Hailey Murray said...

We use Down's Syndrome in Australia, too. And I did a lot of media training to use appropriate terms and always write in people-first language when speaking about people with special needs, like "a child with Down's Syndrome" and not the awful "a Down's baby" which still makes me shudder when I hear it. Must just be a quirk of the language? But keep fighting, Jen. You'll learn the acronyms. You've learned so much already and he is lucky to have an advocate like you who will never give up until you get what he needs. And of course, you are lucky to have him too. I'll be interested if you do read "After Visiting Friends," the author has some really insightful words about family and how all families have challenges, some visible, some secrets. Visible seems best to me. I love how open you are in this blog. Keep fighting, keep talking, keep sharing. It's powerful and I feel like I learn something or see something from another angle every time you write. Best of luck with "transition" and those stupid acronyms!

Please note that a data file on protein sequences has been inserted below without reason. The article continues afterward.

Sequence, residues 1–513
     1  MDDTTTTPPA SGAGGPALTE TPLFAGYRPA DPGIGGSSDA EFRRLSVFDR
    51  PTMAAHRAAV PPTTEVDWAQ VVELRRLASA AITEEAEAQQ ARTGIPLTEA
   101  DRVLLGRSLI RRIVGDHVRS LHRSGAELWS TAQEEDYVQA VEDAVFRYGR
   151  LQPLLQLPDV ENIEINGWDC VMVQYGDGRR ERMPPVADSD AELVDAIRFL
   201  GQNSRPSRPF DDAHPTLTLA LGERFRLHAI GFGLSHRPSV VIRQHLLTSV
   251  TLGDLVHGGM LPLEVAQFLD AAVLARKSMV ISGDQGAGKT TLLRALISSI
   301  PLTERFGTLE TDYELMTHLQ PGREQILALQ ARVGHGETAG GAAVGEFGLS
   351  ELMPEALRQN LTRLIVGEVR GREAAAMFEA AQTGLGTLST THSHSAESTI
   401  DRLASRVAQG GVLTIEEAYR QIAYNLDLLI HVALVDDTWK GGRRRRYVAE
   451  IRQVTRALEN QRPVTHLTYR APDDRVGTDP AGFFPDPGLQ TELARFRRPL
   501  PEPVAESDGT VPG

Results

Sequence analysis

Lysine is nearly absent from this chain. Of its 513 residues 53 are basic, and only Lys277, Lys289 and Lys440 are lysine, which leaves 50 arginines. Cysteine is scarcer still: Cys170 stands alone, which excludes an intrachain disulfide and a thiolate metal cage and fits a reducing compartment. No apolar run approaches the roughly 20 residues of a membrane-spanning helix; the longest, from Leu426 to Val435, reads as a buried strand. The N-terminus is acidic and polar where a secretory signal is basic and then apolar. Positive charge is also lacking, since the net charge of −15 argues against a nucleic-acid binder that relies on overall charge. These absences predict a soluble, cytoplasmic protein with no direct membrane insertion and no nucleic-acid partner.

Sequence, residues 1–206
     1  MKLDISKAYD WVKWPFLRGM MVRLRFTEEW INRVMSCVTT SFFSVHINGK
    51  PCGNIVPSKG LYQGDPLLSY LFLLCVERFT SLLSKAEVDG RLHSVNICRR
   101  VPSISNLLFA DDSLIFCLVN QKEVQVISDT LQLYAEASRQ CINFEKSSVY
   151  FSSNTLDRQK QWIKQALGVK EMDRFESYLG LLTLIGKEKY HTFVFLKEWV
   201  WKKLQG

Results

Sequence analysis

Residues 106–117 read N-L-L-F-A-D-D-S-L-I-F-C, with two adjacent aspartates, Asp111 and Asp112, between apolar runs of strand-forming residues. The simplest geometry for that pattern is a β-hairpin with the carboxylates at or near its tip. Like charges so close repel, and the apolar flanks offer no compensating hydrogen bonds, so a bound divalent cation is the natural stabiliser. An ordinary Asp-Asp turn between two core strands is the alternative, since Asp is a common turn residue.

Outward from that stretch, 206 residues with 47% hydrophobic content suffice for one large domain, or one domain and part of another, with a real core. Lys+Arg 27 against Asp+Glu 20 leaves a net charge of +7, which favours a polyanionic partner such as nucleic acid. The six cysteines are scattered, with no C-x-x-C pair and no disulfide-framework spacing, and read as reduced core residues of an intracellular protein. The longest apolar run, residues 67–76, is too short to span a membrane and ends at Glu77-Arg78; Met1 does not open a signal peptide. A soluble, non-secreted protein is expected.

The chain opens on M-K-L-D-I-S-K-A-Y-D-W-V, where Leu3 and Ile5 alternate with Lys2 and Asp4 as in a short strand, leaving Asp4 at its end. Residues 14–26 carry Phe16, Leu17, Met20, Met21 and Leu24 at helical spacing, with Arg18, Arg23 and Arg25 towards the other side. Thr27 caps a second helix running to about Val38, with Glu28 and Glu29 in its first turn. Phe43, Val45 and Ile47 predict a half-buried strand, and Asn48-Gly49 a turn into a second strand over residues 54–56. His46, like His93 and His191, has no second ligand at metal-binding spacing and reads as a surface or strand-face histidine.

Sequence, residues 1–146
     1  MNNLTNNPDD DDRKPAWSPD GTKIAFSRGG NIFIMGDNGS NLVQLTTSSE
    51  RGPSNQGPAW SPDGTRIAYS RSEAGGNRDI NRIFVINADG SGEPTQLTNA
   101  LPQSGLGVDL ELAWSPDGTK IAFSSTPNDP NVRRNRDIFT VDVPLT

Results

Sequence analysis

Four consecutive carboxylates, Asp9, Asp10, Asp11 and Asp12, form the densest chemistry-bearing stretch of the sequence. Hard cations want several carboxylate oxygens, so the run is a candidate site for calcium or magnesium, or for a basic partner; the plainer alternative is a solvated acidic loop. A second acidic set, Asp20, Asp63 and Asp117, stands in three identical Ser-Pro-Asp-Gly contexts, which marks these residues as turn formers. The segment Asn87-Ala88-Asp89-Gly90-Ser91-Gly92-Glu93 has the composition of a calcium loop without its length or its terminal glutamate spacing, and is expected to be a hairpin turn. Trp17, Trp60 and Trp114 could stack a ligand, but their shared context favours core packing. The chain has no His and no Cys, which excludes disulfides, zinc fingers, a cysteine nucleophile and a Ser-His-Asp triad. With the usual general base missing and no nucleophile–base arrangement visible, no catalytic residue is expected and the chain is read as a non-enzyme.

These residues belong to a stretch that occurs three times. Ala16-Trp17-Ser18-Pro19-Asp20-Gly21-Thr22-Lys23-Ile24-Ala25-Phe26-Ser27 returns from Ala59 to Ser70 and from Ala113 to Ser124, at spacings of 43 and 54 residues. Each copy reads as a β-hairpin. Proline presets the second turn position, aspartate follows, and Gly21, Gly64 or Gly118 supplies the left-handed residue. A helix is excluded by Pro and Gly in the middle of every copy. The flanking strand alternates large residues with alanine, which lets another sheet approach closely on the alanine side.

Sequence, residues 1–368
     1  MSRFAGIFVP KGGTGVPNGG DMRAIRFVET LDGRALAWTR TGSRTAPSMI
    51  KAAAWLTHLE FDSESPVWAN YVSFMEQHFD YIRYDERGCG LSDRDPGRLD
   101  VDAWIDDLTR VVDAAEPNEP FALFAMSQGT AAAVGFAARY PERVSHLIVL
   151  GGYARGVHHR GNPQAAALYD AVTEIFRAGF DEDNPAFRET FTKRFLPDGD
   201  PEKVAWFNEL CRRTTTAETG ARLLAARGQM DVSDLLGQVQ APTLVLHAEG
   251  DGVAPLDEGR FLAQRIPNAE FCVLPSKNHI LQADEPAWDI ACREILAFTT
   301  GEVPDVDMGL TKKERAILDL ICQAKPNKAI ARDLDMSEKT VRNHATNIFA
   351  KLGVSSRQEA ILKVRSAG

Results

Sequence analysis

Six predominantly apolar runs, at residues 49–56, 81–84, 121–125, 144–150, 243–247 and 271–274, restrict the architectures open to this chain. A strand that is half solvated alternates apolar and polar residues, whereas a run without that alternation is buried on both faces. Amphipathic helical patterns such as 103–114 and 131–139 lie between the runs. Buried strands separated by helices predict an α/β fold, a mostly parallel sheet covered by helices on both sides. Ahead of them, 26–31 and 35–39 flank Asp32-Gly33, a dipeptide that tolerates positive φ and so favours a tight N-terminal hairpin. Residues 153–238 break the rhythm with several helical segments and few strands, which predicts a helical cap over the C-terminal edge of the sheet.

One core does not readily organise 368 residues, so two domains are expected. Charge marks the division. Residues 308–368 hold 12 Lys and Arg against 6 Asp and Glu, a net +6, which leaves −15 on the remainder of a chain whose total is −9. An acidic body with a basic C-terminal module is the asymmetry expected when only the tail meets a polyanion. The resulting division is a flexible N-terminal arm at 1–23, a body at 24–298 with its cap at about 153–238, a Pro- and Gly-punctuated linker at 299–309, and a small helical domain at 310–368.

Becca said...

I was *terrified* of acronyms when we started out on this journey. I had absolutely no idea how on earth I'd be able to learn them all, remember what they all mean. But then I realized that they would unfold as we need them, and I could relax a bit, knowing most of them would come to me as I went along. I'm still a bit fuzzy on some of the ones I *think* I *should* need right now, and there are some that I know are coming down the pipeline in a year or so, but until then I'm content to wait patiently. :-)

P said...

I am a numbers person so I do NOT know or care about acronyms besides two letter ones. I shorten the name or MIX UP the letters (DSRTF? dSrFT-what are those words and grrr; SEPLA selpa who the f cares and they have their OWN parent / teacher exec board I hear 5 years later???!!! Oh boy -- note SEPLA is only in my area; yours is called something way different).

Then a sage mom 18 months ahead of us notes: and they change them all the time.

Then you realize teachers & coordinators & therapists & administrator & principals superintendents Spec needs school experts inclusion or maybe reading experts--well they RETIRE get sick and have babies. It's a long strange trip. Build your support and refresh & renew it but don't get too wrapped up